Having always had an interest in all things magical, it is understandable that one of my favourite items in the collections of the SBT is a copy of Reginald Scot’s The Discoverie of Witchcraft. The Discoverie of Witchcraft is considered to be the first published book on witchcraft, and is a wonderful record of superstition and belief in witchcraft, spirits, alchemy and magic in the 16th century.
Reginald Scot was born in or around 1538 in Kent into a landed English family. He married twice, having one child from his first marriage and one step child from his second. He left Oxford University without completing his degree and went hold to hold a number of posts and positions, including Member of Parliament for New Romney. He died in 1599.
When Scot published his book in 1584, almost everyone believed in witchcraft or magic in some form or another. These were ancient superstitions that were deeply ingrained in everyday life. However, this was also a time of great change, where people were beginning to think more rationally and old beliefs were starting to be questioned. It is in this mood The Discoverie of Witchcraft was published.
In The Discoverie of Witchcraft, Scot is speaking out simultaneously against the existence of witchcraft and in defence of accused witches. In 1581, Scot was involved in a legal capacity in a witch trial in which one Margaret Simmons was accused of witchcraft. Scot later wrote an account of his involvement in the trial, referring to the charge of witchcraft as “ridiculous”, writing that “...the name of a witch is so odious, and his power so feared among the common people, that is the honestest bodie living chance to be arraigned thereupon, she shall hardlie exacape condemnation”. It seems that the injustice of the witch trials struck a chord with Scot, and this trial was likely a catalyst for this book.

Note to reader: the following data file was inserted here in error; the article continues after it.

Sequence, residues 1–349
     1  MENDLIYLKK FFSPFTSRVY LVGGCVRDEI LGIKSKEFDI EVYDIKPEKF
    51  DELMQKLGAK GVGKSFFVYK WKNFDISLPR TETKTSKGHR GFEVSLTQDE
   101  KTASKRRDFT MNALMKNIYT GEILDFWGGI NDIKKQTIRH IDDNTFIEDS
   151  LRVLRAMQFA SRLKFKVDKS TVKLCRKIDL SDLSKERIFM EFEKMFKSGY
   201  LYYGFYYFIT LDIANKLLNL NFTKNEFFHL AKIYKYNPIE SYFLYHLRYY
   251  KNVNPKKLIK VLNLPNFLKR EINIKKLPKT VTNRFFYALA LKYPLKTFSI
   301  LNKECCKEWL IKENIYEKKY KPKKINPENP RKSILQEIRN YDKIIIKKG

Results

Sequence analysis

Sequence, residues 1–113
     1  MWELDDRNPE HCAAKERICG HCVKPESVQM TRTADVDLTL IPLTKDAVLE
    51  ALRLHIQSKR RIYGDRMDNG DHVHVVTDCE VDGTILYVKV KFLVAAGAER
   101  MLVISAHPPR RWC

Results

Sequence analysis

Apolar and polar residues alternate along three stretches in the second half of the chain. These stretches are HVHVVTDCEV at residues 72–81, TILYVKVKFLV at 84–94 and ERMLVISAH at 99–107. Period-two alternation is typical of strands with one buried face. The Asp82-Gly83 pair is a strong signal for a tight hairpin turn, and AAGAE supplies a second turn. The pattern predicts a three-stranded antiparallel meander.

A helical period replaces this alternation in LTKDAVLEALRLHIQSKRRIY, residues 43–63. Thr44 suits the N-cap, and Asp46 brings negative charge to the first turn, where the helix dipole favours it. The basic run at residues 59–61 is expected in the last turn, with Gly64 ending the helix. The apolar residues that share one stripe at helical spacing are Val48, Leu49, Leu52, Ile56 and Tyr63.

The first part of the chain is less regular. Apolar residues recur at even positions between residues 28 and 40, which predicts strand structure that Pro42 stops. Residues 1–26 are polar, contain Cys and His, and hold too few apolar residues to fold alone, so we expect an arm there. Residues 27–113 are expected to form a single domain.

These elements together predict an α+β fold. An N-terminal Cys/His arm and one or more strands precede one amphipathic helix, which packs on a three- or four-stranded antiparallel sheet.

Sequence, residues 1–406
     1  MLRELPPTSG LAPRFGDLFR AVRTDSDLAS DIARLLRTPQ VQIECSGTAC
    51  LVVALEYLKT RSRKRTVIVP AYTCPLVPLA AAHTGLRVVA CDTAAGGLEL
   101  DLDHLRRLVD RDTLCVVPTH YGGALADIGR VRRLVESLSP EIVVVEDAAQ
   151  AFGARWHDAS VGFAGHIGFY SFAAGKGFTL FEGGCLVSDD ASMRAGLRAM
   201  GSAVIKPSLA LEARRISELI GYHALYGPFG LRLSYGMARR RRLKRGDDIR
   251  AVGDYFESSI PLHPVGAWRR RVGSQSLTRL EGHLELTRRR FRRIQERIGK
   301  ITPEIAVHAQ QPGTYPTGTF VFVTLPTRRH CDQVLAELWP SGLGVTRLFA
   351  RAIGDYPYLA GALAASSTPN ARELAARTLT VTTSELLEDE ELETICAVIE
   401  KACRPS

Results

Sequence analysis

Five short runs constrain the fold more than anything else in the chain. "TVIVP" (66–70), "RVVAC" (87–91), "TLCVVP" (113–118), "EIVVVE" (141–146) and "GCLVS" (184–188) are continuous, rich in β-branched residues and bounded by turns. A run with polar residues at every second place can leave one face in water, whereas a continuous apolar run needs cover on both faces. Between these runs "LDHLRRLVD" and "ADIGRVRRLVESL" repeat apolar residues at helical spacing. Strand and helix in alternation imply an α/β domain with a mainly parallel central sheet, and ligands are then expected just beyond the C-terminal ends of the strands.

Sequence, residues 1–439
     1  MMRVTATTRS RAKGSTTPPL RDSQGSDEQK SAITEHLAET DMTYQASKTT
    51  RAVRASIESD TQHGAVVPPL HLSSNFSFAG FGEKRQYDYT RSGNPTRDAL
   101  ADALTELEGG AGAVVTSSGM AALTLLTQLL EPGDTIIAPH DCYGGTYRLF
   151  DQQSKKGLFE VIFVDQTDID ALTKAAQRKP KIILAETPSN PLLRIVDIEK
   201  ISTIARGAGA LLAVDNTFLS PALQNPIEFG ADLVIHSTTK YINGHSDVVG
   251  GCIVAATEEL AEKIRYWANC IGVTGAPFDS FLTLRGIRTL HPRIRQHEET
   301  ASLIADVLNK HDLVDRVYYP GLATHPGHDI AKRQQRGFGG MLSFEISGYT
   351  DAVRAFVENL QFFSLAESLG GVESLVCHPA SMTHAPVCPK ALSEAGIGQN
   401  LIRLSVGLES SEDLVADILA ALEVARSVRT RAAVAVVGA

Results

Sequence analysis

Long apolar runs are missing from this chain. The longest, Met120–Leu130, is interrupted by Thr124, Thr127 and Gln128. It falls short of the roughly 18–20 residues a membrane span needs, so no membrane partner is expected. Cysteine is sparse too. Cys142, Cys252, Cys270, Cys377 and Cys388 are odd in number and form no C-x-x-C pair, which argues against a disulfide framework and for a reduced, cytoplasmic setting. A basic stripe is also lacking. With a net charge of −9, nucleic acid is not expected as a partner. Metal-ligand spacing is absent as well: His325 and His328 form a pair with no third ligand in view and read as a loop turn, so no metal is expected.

Scot took a real risk writing The Discoverie of Witchcraft, as at the time, witchcraft was recognised as a crime by both the church and state. Scot relies heavily on scripture to back-up his argument, and by doing so he protects himself from the worst of the criticism while, at the same time, meeting those who used the Bible to justify their actions against witches on a level pegging. Scot goes after everyone in his book, discrediting those who believe in witches as heretics, witch-hunters as corrupt, and those who claim to be witches as mentally ill. The second half of his book goes on to explain how tricks are carried out without the aid of any magic at all. Some of the tricks are still recognisable in the arsenal of today’s magicians, such as this classic card trick:
“When you have seene a carde privilie, or as though you marked it not, laie the same undermost, and shuffle the cards as before you are taught, till your card lie againe below the bottome. Then shew the same to the beholders, willing them to remember it: then shuffle the cards, or let anie other shuffle them;for you know the car already, and therefore may at anie time tell them what card they saw: which nevertheless would be done with great circumstance and shew of difficultie.”
Scot’s books were denounced by many who were firm believers in the existence of witchcraft. One particularly outraged believer was King James VI of Scotland, who was subsequently inspired to write his own treatise, Daemonologie, in 1597. A common legend says that when James took the English throne as King James I in 1603, he called for all copies of The Discoverie of Witchcraft to be destroyed, but there is no contemporary evidence supporting this statement.